Roses, hydrangeas, peonies, astilbes, lady's mantle, Solomon's seal, catmint, tulips and hosta leaves may be grown for commercial floral arrangements but the gardens are designed to enhance the setting rather than traditional cutting gardens planted in rows. Inside the farmer's stone wall along the road there is a deep border of perennials and flowering shrubs. A curving pea stone driveway is bordered by birch, pine and dogwood under planted with shade loving perennials. A formal oval rose garden with antique varieties, David Austin roses and other hybrids is protected by a lilac hedge, with boxwood balls at three entrances and an antique gate. More flower borders line the driveway up to the house culminating in a rose covered trellis. There is an herb garden with lavender that is nearly 30 years old. A fruit orchard of apple, plum, peach and pear and thorn less blackberries was started in 1986. Another shade garden with hydrangea edging the path leads to the woodlands and a dining terrace.
A sculpture of a goat and birdbaths by Roger DiTarando are placed in the gardens. Another feature is a sculpture of Beatrice by Brizzolesi.
In 2016 a raised bed garden for vegetables, cutting flowers and herbs was designed and built on a sunny slope behind the barn. It is fenced with birch poles and patterned panels with mesh and wires to support espaliered apples and keep out predators. There is a brick and stone custom made compass rose outside the gate, brick walkways between raised beds, and a tuteur sunk in gravel.
Persons associated with the garden include Nathaniel Hildreth (former owner, before 1854); Albert J. Lucas and Grace A. Lucas (former owners until 1947); Carl and Florence Wentworth Wilson (former owners, 1947-1983); Judson Wilson (former owner, 1982-1983); Architects Development Corporation (former owner, 1983-1984); Brizzolesi (sculptor, circa 1929); Jim Velleco (architect, 1984-1985); Priscilla Randall (trellis designer); Roger DiTarando (sculptor); Pauline Runkle (garden designer, 2017- ); Ed Mota (built birch fence and compass rose, 2017).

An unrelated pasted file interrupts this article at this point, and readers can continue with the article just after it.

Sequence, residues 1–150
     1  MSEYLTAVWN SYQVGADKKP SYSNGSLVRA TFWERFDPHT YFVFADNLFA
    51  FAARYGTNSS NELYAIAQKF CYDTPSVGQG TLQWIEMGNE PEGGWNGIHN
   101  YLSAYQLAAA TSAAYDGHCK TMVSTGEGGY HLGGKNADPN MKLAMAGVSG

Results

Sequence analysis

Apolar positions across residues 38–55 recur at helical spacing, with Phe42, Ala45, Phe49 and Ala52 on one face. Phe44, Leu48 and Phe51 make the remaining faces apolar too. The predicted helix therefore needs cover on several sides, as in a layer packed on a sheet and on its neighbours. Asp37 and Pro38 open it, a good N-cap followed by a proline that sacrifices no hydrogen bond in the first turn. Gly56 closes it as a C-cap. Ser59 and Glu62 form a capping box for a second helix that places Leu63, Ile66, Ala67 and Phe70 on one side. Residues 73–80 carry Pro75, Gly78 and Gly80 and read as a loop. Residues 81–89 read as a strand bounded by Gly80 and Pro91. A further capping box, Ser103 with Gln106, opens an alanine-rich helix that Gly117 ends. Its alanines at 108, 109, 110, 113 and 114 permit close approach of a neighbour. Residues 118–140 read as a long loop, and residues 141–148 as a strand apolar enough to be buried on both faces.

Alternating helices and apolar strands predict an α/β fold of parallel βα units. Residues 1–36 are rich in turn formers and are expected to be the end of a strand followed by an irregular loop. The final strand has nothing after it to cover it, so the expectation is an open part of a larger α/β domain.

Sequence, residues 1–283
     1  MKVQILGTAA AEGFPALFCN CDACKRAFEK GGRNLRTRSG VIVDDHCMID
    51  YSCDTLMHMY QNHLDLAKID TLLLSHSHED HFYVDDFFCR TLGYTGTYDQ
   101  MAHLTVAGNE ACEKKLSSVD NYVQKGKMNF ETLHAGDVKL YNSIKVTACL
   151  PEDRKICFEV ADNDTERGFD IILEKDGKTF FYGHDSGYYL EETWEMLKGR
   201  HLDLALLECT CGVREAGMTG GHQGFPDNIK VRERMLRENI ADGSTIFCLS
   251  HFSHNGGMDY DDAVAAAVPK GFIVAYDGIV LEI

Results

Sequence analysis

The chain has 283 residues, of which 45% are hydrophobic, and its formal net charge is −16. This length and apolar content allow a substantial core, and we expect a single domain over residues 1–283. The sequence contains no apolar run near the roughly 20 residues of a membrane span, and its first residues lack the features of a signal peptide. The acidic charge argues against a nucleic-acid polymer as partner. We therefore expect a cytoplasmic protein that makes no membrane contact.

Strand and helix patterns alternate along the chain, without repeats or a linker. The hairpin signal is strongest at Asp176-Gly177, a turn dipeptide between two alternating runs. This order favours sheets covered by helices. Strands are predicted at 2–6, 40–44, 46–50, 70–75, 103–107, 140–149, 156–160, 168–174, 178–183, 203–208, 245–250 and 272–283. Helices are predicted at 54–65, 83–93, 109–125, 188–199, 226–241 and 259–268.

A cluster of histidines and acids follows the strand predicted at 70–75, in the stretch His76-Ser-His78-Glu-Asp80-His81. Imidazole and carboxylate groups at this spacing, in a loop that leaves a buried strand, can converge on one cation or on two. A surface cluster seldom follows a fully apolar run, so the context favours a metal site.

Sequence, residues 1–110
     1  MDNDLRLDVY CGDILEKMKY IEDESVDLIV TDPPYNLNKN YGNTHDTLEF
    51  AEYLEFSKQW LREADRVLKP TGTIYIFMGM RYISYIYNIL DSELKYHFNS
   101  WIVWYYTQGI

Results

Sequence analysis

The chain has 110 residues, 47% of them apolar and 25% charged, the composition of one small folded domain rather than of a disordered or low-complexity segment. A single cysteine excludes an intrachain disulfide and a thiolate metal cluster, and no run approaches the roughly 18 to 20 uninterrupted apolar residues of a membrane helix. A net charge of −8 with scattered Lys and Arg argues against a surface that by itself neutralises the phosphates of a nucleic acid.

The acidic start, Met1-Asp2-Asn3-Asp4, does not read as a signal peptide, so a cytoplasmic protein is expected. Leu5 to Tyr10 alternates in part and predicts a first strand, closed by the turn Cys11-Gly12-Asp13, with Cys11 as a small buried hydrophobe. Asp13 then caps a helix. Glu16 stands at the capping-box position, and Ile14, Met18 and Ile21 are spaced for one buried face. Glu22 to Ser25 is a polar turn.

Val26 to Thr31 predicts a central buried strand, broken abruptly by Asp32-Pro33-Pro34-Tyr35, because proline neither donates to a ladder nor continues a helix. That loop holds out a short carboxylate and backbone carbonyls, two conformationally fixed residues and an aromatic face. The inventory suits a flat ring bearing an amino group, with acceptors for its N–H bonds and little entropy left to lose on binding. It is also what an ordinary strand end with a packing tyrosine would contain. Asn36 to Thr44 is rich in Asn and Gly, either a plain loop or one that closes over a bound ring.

The North Shore Garden Club facilitated the 2014 and 2019 submissions of this garden's documentation.
Collection Restrictions:
Access to original images by appointment only. Researcher must submit request for appointment in writing. Certain items may be restricted and not available to researchers. Please direct reference inquiries to the Archives of American Gardens: aag@si.edu.
Collection Rights:
Archives of American Gardens encourages the use of its archival materials for non-commercial, educational and personal use under the fair use provision of U.S. copyright law. Use or copyright restrictions may exist. It is incumbent upon the researcher to ascertain copyright status and assume responsibility for usage. All requests for duplication and use must be submitted in writing and approved by Archives of American Gardens.
Topic:
Gardens -- Massachusetts -- Manchester  Search this
Collection Citation:
Smithsonian Institution, Archives of American Gardens, The Garden Club of America collection.
Identifier:
AAG.GCA, File MA601
See more items in:
The Garden Club of America collection
The Garden Club of America collection / Series 1: United States Garden Images / Massachusetts
Archival Repository:
Archives of American Gardens
EDAN-URL:
ead_component:sova-aag-gca-ref17624